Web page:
Listening to the Land

"I should probably have been a wiser and better informed man had I spent more time out with the grasshoppers, horned toads and coyotes." J. Frank Dobie (1888 - 1964)

A well-known Texas author, storyteller and avid naturalist, Dobie had both a physical and spiritual connection to the land of his birth. He had a deep affection for the harsh Texas landscape where he was raised on his family's ranch. Throughout many of his books, such as The Mustangs, The Voice of the Coyote and The Longhorns, Dobie highlighted the importance of respecting the balance of nature -- even if that nature was part of a rattlesnake and cactus infested piece of land in South Texas.

As Dobie once stated, "If people are to enjoy their own lives, they must be aware of the significance of their own environments." This respect for nature celebrated by Dobie is also embodied in the principles set out in the Endangered Species Act (ESA), which was originally enacted in 1973. The U.S. Congress stated in the opening provisions that the act was intended to safeguard "the Nation's heritage in fish, wildlife and plants." The ESA sets out three goals: stop extinction, stabilize endangered populations and recover them to the point where the act's protection is no longer needed.

Many feel that the ESA has proven itself to be one of our nation's most effective laws for the conservation of our fish and wildlife resources. A nationwide poll commissioned in early 2002 by the Biodiversity Project (www.biodiversityproject.org), a nonprofit organization whose mission is to advocate for biodiversity, shows strong public support for species and habitat protection. According to the poll, 78 percent of Americans support maintaining a strong ESA.

On the other hand, certain groups disagree with the manner in which the government has tried to implement the ESA's objectives. For example, the National Endangered Species Act Reform Coalition (NESARC) (www.nesarc.org) is a lobbying group that has aligned itself with the Bush Administration in order to promote "a market-based approach to ESA reform." NESARC is fighting for several key goals: financial incentives for private property owners to conserve habitat; governmental compensation for landowners when the value and use of their property is restricted under the ESA due to the presence of endangered species; and an amendment to the ESA that requires scientific information on a species or its habitat be obtained on the basis of minimum scientific standards and fair and impartial scientific peer review.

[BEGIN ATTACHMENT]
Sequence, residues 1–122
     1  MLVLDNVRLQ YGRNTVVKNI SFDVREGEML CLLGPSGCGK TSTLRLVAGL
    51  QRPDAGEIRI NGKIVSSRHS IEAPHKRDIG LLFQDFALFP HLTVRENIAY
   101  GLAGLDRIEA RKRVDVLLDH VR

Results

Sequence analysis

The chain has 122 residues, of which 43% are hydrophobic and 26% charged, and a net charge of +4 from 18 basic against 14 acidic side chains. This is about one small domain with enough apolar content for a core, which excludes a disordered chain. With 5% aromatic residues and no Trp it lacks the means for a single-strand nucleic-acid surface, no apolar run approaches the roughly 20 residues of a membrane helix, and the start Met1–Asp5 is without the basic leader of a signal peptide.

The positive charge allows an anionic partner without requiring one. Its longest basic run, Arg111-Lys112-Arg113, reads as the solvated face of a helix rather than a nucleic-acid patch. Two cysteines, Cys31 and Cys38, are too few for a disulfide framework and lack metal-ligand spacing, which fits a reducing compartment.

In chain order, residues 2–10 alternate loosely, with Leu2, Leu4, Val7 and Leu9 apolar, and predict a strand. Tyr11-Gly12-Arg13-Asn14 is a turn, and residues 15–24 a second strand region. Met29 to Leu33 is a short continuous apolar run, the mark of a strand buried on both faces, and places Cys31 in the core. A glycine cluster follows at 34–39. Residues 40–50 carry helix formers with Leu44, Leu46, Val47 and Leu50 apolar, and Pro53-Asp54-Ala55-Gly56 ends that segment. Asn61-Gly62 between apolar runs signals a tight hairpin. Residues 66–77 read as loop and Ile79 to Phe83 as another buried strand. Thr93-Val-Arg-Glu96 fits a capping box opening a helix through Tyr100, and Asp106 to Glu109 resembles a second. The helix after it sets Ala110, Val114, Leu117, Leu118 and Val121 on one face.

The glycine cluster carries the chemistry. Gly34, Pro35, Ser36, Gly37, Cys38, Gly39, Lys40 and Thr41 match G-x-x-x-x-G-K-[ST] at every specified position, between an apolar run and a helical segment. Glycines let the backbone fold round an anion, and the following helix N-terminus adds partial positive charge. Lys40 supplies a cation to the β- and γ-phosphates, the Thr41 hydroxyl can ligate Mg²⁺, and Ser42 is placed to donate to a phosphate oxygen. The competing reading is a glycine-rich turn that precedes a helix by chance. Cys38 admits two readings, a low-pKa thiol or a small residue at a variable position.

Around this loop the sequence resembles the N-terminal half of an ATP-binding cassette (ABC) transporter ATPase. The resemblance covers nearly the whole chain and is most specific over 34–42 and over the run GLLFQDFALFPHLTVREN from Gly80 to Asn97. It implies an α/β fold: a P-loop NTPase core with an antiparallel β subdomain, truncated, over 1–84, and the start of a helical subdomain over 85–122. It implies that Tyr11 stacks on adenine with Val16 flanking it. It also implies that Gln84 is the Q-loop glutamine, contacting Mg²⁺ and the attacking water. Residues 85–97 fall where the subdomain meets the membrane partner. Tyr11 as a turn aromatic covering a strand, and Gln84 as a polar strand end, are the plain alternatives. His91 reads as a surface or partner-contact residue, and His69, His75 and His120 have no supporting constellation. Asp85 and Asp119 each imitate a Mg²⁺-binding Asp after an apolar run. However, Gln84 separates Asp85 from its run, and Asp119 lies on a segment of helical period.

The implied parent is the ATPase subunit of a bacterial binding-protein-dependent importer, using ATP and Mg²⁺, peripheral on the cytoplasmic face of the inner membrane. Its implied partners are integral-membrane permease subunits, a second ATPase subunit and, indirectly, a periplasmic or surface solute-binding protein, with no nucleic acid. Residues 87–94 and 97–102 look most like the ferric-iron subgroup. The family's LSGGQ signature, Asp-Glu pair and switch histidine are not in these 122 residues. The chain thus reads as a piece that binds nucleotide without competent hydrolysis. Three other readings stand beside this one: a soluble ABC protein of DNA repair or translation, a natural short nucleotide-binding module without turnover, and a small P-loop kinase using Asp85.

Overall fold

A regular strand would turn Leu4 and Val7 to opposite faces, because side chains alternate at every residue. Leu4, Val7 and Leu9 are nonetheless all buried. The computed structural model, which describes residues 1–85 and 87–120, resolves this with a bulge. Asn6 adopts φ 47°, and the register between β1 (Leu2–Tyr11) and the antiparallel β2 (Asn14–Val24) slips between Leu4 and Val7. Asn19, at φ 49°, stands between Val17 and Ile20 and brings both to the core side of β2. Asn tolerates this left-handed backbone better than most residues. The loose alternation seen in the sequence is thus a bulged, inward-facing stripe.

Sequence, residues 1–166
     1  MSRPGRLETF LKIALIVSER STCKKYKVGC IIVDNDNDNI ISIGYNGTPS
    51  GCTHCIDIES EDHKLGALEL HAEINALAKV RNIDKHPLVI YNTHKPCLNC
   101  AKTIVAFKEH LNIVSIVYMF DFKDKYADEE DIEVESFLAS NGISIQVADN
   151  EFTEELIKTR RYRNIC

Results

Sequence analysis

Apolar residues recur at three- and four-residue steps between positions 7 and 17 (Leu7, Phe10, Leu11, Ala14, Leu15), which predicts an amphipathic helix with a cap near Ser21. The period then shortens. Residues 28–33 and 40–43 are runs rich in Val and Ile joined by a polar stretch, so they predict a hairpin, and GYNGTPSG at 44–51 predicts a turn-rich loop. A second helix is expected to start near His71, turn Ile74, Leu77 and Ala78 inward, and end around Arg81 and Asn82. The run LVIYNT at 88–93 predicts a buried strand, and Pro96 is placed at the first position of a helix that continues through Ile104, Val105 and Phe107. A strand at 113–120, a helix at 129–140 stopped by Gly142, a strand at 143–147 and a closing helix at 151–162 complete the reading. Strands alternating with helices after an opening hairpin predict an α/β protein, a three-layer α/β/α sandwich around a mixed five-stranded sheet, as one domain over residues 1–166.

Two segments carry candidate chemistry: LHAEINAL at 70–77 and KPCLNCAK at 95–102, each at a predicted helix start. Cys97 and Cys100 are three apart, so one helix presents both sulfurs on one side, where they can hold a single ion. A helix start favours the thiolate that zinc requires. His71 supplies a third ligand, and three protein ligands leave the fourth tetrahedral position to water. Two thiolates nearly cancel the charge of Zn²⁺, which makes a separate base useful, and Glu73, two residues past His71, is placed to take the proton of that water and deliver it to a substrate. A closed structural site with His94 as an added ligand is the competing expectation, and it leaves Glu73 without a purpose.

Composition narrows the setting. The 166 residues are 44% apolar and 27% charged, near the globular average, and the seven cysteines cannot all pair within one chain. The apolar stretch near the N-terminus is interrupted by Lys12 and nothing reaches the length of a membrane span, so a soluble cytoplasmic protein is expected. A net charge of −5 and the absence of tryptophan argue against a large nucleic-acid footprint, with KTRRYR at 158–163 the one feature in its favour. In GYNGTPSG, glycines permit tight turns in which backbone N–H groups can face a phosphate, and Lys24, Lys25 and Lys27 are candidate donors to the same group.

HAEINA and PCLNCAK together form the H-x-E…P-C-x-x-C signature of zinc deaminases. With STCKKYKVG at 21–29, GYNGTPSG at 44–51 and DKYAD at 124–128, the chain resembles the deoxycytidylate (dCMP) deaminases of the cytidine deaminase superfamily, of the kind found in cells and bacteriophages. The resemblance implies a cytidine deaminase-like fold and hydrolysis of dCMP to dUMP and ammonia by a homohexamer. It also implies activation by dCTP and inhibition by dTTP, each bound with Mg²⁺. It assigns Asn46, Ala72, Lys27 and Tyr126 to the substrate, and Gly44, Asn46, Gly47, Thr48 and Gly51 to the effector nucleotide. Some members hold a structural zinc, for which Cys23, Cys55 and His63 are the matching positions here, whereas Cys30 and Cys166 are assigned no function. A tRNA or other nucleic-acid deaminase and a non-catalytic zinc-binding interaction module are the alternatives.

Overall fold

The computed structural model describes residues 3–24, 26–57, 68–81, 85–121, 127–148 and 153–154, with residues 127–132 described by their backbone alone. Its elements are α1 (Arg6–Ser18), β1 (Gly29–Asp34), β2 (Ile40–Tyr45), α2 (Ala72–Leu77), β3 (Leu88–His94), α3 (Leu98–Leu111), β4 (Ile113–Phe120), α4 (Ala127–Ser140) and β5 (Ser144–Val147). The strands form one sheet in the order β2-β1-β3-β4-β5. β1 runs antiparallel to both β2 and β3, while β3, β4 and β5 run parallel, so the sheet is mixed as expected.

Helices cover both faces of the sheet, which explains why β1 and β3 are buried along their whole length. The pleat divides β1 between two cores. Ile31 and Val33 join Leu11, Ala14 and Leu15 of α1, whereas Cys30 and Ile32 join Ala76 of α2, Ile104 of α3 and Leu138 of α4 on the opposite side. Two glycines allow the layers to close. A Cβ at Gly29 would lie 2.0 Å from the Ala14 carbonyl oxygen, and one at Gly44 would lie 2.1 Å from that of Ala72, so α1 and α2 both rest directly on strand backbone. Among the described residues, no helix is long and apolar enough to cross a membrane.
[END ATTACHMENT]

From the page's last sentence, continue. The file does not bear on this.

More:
Another opponent to the current ESA is the current House Resources Committee Chariman Jim Hansen (R-Utah). On May 23, 2002, he introduced new legislation (H.R. 4840), which is intended to amend the ESA to ensure the use of "sound science" in the implementation of the act. To track the current status of this bill, check out the Library of Congress' legislative information Web site at thomas.loc.gov.

Despite the controversy surrounding the ESA, the federal government is starting to take some actions that hopefully most stakeholders can agree upon. As part of its mission to implement the ESA, the U.S. Fish and Wildlife Service (FWS) is administering three new grant programs for the states totaling $85.7 million. The Recovery Land Acquisition Grants provide funds for the acquisition of habitat, which is often an essential element of a comprehensive recovery effort for a species listed under the ESA. Habitat Conservation Planning Assistance Grants are available to support the development of Habitat Conservation Plans (HCPs) and HCP Land Acquisition Grants are available for states to acquire land associated with approved HCPs. Additionally, in 2002 the FWS awarded approximately $10 million in federal funding under the Private Stewardship Program to private landowners and their partners. For more information, go to the FWS Web site at www.fws.gov.

Another promising conservation tool is the safe harbor agreement, which allows landowners to undertake actions on their property that benefit endangered species without creating any new regulatory encumbrances. Using a different approach, the endangered species banks entail a commitment to preserve in perpetuity and manage appropriately a parcel of land that has a significant value for one or more imperiled species. In return, the property owner is given a specified number of mitigation credits that can be sold in the future to area developers in need of mitigation for their development projects.

Like Dobie, we too would be wiser and better informed if in the beginning of this new century we took the time to listen to the land. Our public and private sectors should take more innovative steps like conservation banking to ensure that the more than 600 U.S. species currently classified as endangered or threatened aren't pushed forever into extinction. We need to act now to preserve the legacy of biodiversity for our future generations here in the United States, as well as in the rest of the world.




This article originally appeared in the November/December 2002 issue of Environmental Protection, Vol. 13, No. 10, p. 6.

This article originally appeared in the 11/01/2002 issue of Environmental Protection.

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